Keith Goodman v. Gene Johnson


UNPUBLISHED PER CURIAM OPINION filed. Originating case number: 1:11-cv-00079-GBL-IDD Copies to all parties and the district court/agency. [1000009855].. [15-6733]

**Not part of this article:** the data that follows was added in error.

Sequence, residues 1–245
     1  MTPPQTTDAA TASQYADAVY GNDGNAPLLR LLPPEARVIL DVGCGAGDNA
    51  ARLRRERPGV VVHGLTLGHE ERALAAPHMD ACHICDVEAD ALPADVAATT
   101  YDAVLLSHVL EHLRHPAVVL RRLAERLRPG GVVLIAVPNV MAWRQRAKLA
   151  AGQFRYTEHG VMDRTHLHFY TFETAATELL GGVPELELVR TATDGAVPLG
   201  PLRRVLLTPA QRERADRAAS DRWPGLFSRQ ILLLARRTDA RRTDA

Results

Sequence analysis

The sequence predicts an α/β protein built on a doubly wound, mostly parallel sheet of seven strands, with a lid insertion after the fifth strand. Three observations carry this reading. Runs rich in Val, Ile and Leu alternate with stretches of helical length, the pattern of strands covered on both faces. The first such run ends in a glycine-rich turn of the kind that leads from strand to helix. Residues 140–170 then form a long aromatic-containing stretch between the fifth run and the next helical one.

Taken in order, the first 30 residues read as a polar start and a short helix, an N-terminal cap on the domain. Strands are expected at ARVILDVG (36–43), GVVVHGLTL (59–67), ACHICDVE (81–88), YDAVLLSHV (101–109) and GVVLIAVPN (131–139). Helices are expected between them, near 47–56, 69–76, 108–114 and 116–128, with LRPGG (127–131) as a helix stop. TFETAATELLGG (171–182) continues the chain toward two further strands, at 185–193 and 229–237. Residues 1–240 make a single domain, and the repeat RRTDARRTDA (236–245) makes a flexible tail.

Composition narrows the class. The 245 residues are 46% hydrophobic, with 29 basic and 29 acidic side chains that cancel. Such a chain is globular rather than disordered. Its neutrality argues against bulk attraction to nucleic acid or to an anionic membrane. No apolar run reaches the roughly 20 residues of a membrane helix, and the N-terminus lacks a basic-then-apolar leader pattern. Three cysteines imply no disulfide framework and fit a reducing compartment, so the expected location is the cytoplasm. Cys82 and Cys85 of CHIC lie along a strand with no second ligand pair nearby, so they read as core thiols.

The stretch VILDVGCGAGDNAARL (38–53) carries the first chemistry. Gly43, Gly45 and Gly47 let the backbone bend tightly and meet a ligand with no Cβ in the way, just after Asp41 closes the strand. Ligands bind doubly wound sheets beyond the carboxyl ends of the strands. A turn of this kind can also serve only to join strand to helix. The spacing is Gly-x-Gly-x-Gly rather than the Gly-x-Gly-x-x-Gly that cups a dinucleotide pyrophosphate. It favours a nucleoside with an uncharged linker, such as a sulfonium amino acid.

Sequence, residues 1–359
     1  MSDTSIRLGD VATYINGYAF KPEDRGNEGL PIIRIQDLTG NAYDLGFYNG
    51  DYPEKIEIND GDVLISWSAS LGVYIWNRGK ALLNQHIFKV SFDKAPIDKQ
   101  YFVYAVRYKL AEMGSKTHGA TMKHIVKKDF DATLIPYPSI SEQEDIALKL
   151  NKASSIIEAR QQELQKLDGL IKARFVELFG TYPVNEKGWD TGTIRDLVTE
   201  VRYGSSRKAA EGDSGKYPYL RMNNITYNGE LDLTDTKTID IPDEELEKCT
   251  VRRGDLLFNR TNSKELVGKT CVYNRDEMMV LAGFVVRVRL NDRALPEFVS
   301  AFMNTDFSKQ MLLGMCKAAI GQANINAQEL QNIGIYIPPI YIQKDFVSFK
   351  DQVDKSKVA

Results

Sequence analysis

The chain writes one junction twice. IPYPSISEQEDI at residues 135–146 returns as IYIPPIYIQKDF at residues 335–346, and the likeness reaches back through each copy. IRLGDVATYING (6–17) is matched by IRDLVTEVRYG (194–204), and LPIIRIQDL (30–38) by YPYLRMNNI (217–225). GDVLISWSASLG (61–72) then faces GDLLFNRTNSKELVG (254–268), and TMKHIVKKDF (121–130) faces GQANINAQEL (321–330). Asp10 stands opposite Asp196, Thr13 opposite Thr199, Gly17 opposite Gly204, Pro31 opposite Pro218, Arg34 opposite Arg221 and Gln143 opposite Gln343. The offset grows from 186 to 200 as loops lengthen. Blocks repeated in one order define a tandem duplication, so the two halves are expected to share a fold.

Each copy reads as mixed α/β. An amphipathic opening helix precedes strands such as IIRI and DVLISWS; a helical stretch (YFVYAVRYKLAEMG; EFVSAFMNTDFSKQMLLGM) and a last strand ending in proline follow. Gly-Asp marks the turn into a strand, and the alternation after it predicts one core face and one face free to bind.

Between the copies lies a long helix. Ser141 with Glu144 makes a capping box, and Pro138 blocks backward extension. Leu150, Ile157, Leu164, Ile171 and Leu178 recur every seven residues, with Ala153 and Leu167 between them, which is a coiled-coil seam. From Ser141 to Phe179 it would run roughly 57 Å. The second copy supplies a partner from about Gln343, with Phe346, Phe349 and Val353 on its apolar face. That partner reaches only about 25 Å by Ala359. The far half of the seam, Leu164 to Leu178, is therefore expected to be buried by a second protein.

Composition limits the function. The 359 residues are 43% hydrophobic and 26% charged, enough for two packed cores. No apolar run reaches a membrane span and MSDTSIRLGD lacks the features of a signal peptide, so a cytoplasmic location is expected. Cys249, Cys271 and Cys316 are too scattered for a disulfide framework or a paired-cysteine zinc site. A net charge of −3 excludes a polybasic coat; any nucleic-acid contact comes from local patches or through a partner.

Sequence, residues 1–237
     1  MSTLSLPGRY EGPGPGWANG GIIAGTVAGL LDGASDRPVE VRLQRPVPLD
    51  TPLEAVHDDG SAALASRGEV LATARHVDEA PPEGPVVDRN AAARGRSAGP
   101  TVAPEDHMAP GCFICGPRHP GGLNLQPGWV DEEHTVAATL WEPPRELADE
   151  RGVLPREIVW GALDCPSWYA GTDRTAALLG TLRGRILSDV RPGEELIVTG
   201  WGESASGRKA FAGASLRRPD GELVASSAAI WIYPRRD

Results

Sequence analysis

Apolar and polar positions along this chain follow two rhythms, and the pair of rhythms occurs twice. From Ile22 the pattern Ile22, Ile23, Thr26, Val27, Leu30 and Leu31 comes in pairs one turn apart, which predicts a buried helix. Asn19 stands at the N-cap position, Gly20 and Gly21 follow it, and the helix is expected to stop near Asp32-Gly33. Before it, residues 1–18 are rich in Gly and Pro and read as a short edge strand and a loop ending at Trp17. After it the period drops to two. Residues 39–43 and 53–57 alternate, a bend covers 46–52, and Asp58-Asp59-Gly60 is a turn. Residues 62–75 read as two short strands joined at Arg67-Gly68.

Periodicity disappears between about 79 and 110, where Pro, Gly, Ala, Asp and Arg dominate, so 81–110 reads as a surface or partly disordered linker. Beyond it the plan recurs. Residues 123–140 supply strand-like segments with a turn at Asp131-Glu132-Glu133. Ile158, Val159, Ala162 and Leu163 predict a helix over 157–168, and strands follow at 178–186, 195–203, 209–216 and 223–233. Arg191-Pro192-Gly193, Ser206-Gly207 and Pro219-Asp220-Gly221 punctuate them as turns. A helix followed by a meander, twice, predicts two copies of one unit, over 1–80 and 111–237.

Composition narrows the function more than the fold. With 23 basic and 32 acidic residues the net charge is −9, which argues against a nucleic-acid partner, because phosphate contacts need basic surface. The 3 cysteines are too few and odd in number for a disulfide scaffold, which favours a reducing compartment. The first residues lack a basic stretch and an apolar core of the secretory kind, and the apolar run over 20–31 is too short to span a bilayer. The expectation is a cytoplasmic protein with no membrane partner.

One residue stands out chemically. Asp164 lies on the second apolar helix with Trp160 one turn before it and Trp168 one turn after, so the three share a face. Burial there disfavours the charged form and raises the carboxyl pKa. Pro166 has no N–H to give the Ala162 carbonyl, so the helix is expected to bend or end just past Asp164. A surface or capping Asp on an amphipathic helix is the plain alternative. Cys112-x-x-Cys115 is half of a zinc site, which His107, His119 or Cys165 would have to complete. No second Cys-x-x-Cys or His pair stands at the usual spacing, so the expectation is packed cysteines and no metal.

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Appeal: 15-6733 Doc: 49 Filed: 01/25/2017 Pg: 1 of 14 UNPUBLISHED UNITED STATES COURT OF APPEALS FOR THE FOURTH CIRCUIT No. 15-6733 KEITH D. GOODMAN, Plaintiff – Appellant, v. KIM RUNION; ELTON BROWN, Doctor; KRYM; SPRUILL, Doctor, Defendants – Appellees, and A. DAVID ROBINSON; J. LAFOON; Q. BIRCHETTE; MS. G. F. SIVELS; G. ROBINSON; CASSANDRA TAYLOR; C. MAYES; C. BAILEY; PRISON HEALTH SERVICES; GENE M. JOHNSON; HAROLD W. CLARKE; JOHN JABE; FRED SHILLING; HARVARD STEPHENS, Doctor, Defendants. Appeal from the United States District Court for the Eastern District of Virginia, at Alexandria. Gerald Bruce Lee, District Judge. (1:11-cv-00079-GBL-IDD) Argued: December 6, 2016 Before GREGORY, Judges. Chief Judge, Decided: and TRAXLER January 25, 2017 and DIAZ, Circuit Affirmed by unpublished per curiam opinion. ARGUED: Erik R. Zimmerman, ROBINSON, BRADSHAW & HINSON, P.A., Chapel Hill, North Carolina, for Appellant. Carlene Booth Appeal: 15-6733 Doc: 49 Filed: 01/25/2017 Pg: 2 of 14 Johnson, PERRY LAW FIRM, Dillwyn, Jones, Jr., SINNOTT, NUCKOLS & Virginia, for Appellees. Virginia; Gary LOGAN, P.C., Christopher Midlothian, Unpublished opinions are not binding precedent in this circuit. 2 Appeal: 15-6733 Doc: 49 Filed: 01/25/2017 Pg: 3 of 14 PER CURIAM: Keith Goodman is an inmate in the custody of the Virginia Department of Corrections (“VDOC”). He brought this action under 42 U.S.C. § 1983 against optometrists Dr. Elton Brown and Dr. David Spruill, (together “Defendants”), claiming that they were deliberately indifferent to his medical needs by refusing to prescribe him contact lenses instead of eyeglasses to correct his vision, in violation of the Eighth Amendment’s prohibition against cruel and unusual punishment. Goodman appeals the district court’s grant of summary judgment to the Defendants, as well as the district court’s denial of his appointment of an expert witness and for discovery. motion for We affirm. I. Prior to his incarceration, Goodman primarily wore contact lenses to correct his condition of moderate myopia, commonly known as nearsightedness. optometrists prescribed From Goodman eyeglasses, at his request. 2005 contact through lenses, 2008, VDOC rather than According to Goodman, he avoided wearing prescription eyeglasses because he believed that they caused him to experience headaches. In January 2009, Dr. Elton Brown, the treating optometrist at Brunswick Correctional Center, where Goodman had been transferred, evaluated Goodman’s vision and refused to prescribe him contact lenses. Under VDOC policy: 3 Appeal: 15-6733 Doc: 49 Filed: 01/25/2017 Pg: 4 of 14 Contact lens[es] will be supplied when medically indicated. Offenders wearing contact lens[es] when entering the system will be evaluated and allowed to keep the lenses if medically indicated. Offenders not meeting the criteria for contact lens[es] will be issued eyeglasses if needed. J.A. 85. The policy was based upon the VDOC’s understanding “that there are a few ophthalmologic diseases which are improved with contact lenses versus eyeglasses.” J.A. 81. Absent that medical determination, however, “eyeglasses, for the most part, correct vision disorders, are easier to manage, and are less expensive” than contact lenses. J.A. 81-82. Dr. Brown “saw no indication of any medical need for Mr. Goodman having to be prescribed eyeglasses Goodman to have contact instead any of lenses, contact headaches nor or lenses any reason why would cause Mr. discomfort.” J.A. 157. According to Goodman, Dr. Brown told him that he would check with the prison warden and see if she would approve the prescription of contact lenses to correct Goodman’s vision, at Goodman’s expense, notwithstanding the VDOC policy. However, that request was denied, and Dr. Brown thereafter prescribed and fitted Goodman with prescription eyeglasses. In April 2009, Goodman visited Dr. Brown again and complained of headaches which Goodman attributed to his wearing his eyeglasses. excellent vision Dr. in Brown both informed eyes 4 with Goodman the that correction he of “had his Appeal: 15-6733 Doc: 49 Filed: 01/25/2017 Pg: 5 of 14 eyeglasses, and there was no medical reason for his level of myopia, with only a minimum difference between the two eyes, to cause headaches with his prescribed eyeglasses.” J.A. 158. In Dr. Brown’s judgment, “[t]here was no medical reason for Mr. Goodman to be prescribed contact lenses instead of eyeglasses, nor any medical reason for switching Mr. Goodman lenses from eyeglasses to alleviate any headaches.” And “because [Dr. Brown] was unable to verify to contact J.A. 158. [Goodman’s] headaches, he w[as] disallowed from prescribing anything other than eyeglasses for [Goodman’s] needed vision-correction.” J.A. 39. In September 2009, Goodman was evaluated by Dr. Krym, the VDOC optometrist at Green Rock Goodman had been transferred. Correctional Center, where Goodman alleged that Dr. Krym likewise informed him that he could not prescribe contact lenses to correct his vision. Goodman was Correctional Center. subsequently transferred to Greensville In March 2010, Goodman was evaluated by Dr. David Spruill, the prison optometrist at Greensville. Dr. Spruill also found no medical indication for contact lenses. According to Dr. Spruill, “[a]t no time, did I believe, in my medical judgment, that anything to do with Mr. Goodman having been prescribed eyeglasses instead of contact lenses was the cause of any headaches, nor did I believe that prescribing Mr. 5 Appeal: 15-6733 Doc: 49 Filed: 01/25/2017 Pg: 6 of 14 Goodman contact lenses would alleviate any headaches.” 227. J.A. Goodman subsequently requested that Prison Health Services clarify to Dr. Spruill that the VDOC policy did not prohibit him from prescribing contacts if medically indicated to alleviate Goodman’s headaches. In response, Goodman was advised by the prison officials that “contact lenses can only be prescribed when medically necessary. According to your medical record you do not have a clinical need for contacts.” Noting that the optometrist had J.A. 90. stated that Goodman’s headaches “were unrelated to the eyeglasses,” the VDOC medical officials then referred Goodman to an outside ophthalmologist “to determine Goodman was provided no what seen by medical [was] Dr. causing Gupta evidence or his in headaches,” July other results of his ophthalmology examination. 2011. J.A. Goodman information about 79. 1 has the However, he does not assert that Dr. Gupta found his headaches to be causally related 1 An optometrist is “a health care provider who examines, diagnoses, treats, and manages diseases and disorders of the visual system, the eye, and associated structures, as well as diagnosing related systemic conditions.” Dorland’s Illustrated Medical Dictionary 1331 (32nd ed. 2012). An ophthalmologist is “a physician who specializes in the diagnosis and medical and surgical treatment of diseases and defects of the eye and related structures.” Dorland’s Illustrated Medical Dictionary 1329 (32nd ed. 2012) (emphasis added). 6 Appeal: 15-6733 Doc: 49 Filed: 01/25/2017 Pg: 7 of 14 to his wearing eyeglasses and he continues to assert that he has been denied contact lenses by the VDOC. 2 Goodman thereafter filed this complaint under 42 U.S.C. § 1983 against various prison officials, alleging that they failed to adequately respond to his vision and headache complaints. Goodman additionally sued the three optometrists that had evaluated him - Dr. Brown, Dr. Spruill, and Dr. Krym - alleging that they were deliberately indifferent to his serious medical needs because they knew that his eyeglasses caused him to suffer from headaches and nonetheless refused to prescribe him contact lenses. Goodman did not name Dr. Gupta, the ophthalmologist, as a defendant. We previously affirmed the district court’s dismissal of Goodman’s claims against the prison officials under 28 U.S.C. § 1915A(b)(1) and Fed. R. Civ. P. 12(b)(6) for failure to state a claim. 2013) See Goodman v. Johnson, 524 Fed. App’x. 887 (4th Cir. (per curiam). Assuming without deciding that Goodman suffered from a sufficiently serious medical need, however, we reversed the district court’s dismissal 2 of Goodman’s claims Goodman’s father, a physician specializing in obstetrics and gynecology, contacted the VDOC to advocate his son’s request for contact lenses during this time period and has filed an affidavit on his son’s behalf. However, Dr. Goodman does not claim to have evaluated or treated Goodman for his myopia, nor does he specialize in optometry or ophthalmology. 7 Appeal: 15-6733 Doc: 49 Filed: 01/25/2017 Pg: 8 of 14 against the three optometrists because the VDOC policy alone would not insulate them from liability if their treatment otherwise rose to the level of deliberate indifference. On remand, the district court granted summary judgment to Dr. Brown and Dr. summary judgment. Spruill and denied Goodman’s motion for The district court dismissed Goodman’s claim against Dr. Krym for lack of service. See Fed. R. Civ. P. 4(m). This appeal followed. II. We review a district court’s grant of summary judgment de novo, applying the same legal standards as the district court and viewing the evidence in the light most favorable to the nonmoving party. Cir. 2012). See Martin v. Lloyd, 700 F.3d 132, 135 (4th “The court shall grant summary judgment if the movant shows that there is no genuine dispute as to any material fact and the movant is entitled to judgment as a matter of law.” Fed. R. Civ. P. 56(a). “Conclusory or speculative allegations do not suffice” to defeat summary judgment, “nor does a mere scintilla of evidence in support of [the non-moving party’s] case” suffice. Thompson v. Potomac Elec. Power Co., 312 F.3d 645, 649 (4th Cir. 2002) (internal quotation marks omitted). The Eighth Amendment to the United States Constitution prohibits prison officials from inflicting “cruel and unusual punishments” by acting with deliberate 8 indifference to a Appeal: 15-6733 Doc: 49 prisoner’s Filed: 01/25/2017 serious medical Pg: 9 of 14 needs. U.S. Const. Estelle v. Gamble, 429 U.S. 97, 104 (1976). amend. VIII; To prevail in a medical needs case, the inmate must satisfy the two-pronged test set forth in Farmer v. Brennan, 511 U.S. 825 (1994). First, deliberate the inmate indifference must demonstrate to an the “objectively defendant’s ‘sufficiently serious’” medical need, Scinto v. Stansberry, 841 F.3d 219, 225 (4th Cir. 2016) (quoting Farmer, 51 U.S. at 834), “that has either ‘been diagnosed by a physician as mandating treatment or . . . is recognize so the obvious that necessity even for a a lay person doctors’ would attention.’” easily Id. (quoting Iko v. Shreve, 535 F.3d 225, 241 (4th Cir. 2008)). Second, under the subjective prong, the inmate must prove that the defendants “acted with a ‘sufficiently culpable state of mind.’” Id. (quoting Farmer, 511 U.S. at 834). The inmate must show that the defendant “actually knew of and disregarded a substantial risk of serious injury . . . or that they actually knew of and ignored a . . . serious need for medical care.” Young v. City of Mt. Ranier, 238 F.3d 567, 576 (4th Cir. 2001); see also Scinto, 841 F.3d at 225. “Medical malpractice does not become a constitutional violation merely because the victim is a prisoner.” 429 U.S. at 106. Estelle, “Thus, a complaint that a physician has been negligent in diagnosing or treating a medical condition does not 9 Appeal: 15-6733 Doc: 49 Filed: 01/25/2017 state a valid claim.” Id. Pg: 10 of 14 And “an inadvertent failure to provide adequate medical care cannot be said to constitute an unnecessary and wonton infliction of pain or to be repugnant to the conscience of mankind.” Id. at 105-06 (internal quotation marks omitted); Miltier v. Beorn, 896 F.2d 848, 851 (4th Cir. 1990) (The medical provider’s disregard of the prisoner’s serious medical needs must have been “so grossly incompetent, inadequate, or excessive as to shock the conscience or to be intolerable to fundamental fairness.”), overruled in part on other grounds by Farmer, 511 U.S. at 837. III. A. Viewed in the light most favorable to Goodman, the record creates no genuine issue of material fact to support Goodman’s deliberate indifference claim against the Defendants. Even assuming, without deciding, that Goodman’s need for vision correction and/or his subjective complaints of headaches constituted an “objectively sufficiently serious medical need,” there is no evidence that Defendants denied Goodman medically necessary treatment or that their failure to provide alternative treatment in the form of contact lenses was the result of deliberate indifference on their part. Goodman has moderate myopia, which Defendants corrected to 20/20 vision by prescription eyeglasses. 10 Goodman subjectively Appeal: 15-6733 Doc: 49 Filed: 01/25/2017 Pg: 11 of 14 complained of headaches and informed Defendants of his opinion that such headaches eyeglasses. were Defendants causally related his wearing evaluated independently to and treated Goodman at two separate prisons, considered his complaint from the perspective of their field of optometry, and found no medical basis upon which to believe that Goodman’s headaches were caused alleviate by his them. eyeglasses According or to that contact Goodman’s lenses complaint, a would third optometrist, Dr. Krym, also evaluated Goodman and refused to prescribe contact lenses. And because the optometrists had concluded that Goodman’s headaches were not causally related to his prescription eyeglasses, VDOC medical personnel thereafter referred Goodman to an ophthalmologist for a follow-up examination to determine the cause of Goodman’s headaches. Plainly, Goodman disagrees with the Defendants’ medical judgment that his headaches were not causally related to his wearing prescription eyeglasses. For that reason, he also disagrees with their decision not to authorize the prescription of contact indicated lenses to under alleviate the VDOC such “[d]isagreements between an inmate’s medical care proper policy as headaches. inmate do and not a being medically Generally, physician state a § over 1983 such the claim.” Wright v. Collins, 766 F.2d 841, 849 (4th Cir. 1985); see also Russell v. Sheffer, 528 F.2d 318, 11 319 (4th Cir. 1975) (per Appeal: 15-6733 curiam) Doc: 49 Filed: 01/25/2017 (“Questions of Pg: 12 of 14 medical judgment are not subject to judicial review.”). There is also insufficient evidence to support Goodman’s theory that Defendants must have actually believed that Goodman was experiencing headaches caused by his eyeglasses, but would not say so because prison officials, notwithstanding the written VDOC policy, had forbidden them from prescribing contact lenses even if medically indicated. factual allegations that In support, Goodman points to his Dr. Brown told him that he would inquire as to whether the prison officials would allow Goodman to obtain contacts at his own expense and that both Defendants told him that they could not prescribe him contact lenses under the VDOC policy and would face consequences if they did. At best, Goodman’s factual assertions might establish that Defendants followed the VDOC policy and that Dr. Brown made an effort on Goodman’s behalf to obtain an exception to the policy. But there is no evidence that Dr. Brown told any prison official that, in his medical judgment, contact lenses were medically indicated under the policy as opposed to simply an appropriate form of vision correction. Nor is there any evidence that Dr. Brown or Dr. Spruill were told by the prison officials that, notwithstanding contact lenses prescription was the even VDOC if, indicated policy, they in their to prevent 12 could medical not prescribe judgment, headaches. the Moreover, Appeal: 15-6733 Doc: 49 Filed: 01/25/2017 Pg: 13 of 14 Goodman’s theory is inconsistent with the undisputed fact that, after both Defendants had concluded that Goodman’s subjective complaints of headaches were not related to his prescription eyeglasses, the ophthalmology, VDOC Dr. referred Gupta, causes for his headaches. for Goodman to evaluation a of specialist other in possible Accordingly, Goodman’s theory is much too speculative and conclusory to defeat Defendants’ motion for summary judgment. B. Goodman also appeals the district court’s denial of his request for discovery and for appointment of an expert witness. Goodman had sought to inquire into whether Defendants treated non-prisoners opportunity differently to obtain a than prisoners medical opinion and and he wanted develop the other evidence that would refute Defendants’ medical judgments. We find no abuse of discretion in the district court’s rulings. The discovery and expert opinions that Goodman sought might or might not have substantiated his opinion that his headaches were causally related to his wearing prescription eyeglasses, but they would not have supported his claim that Defendants were subjectively aware of this causal relationship and yet, with deliberate indifference thereto, issued medical opinions to the contrary. Accordingly, we affirm these rulings as well. 13 Appeal: 15-6733 Doc: 49 Filed: 01/25/2017 Pg: 14 of 14 IV. For the foregoing reasons, we affirm the district court’s grant of summary judgment to the Defendants. We also find no reversible error in the district court’s orders denying Goodman an expert witness and discovery. 3 AFFIRMED 3 In the event that we reversed the grant of summary judgment to Dr. Brown and Dr. Spruill, Goodman requested that we also reverse the district court’s order dismissing his § 1983 deliberate-indifference claim against Dr. Krym for lack of service and that we instruct the district court to appoint counsel for Goodman on remand. Because we affirm the grant of summary judgment to Dr. Brown and Dr. Spruill, we do not address these issues. 14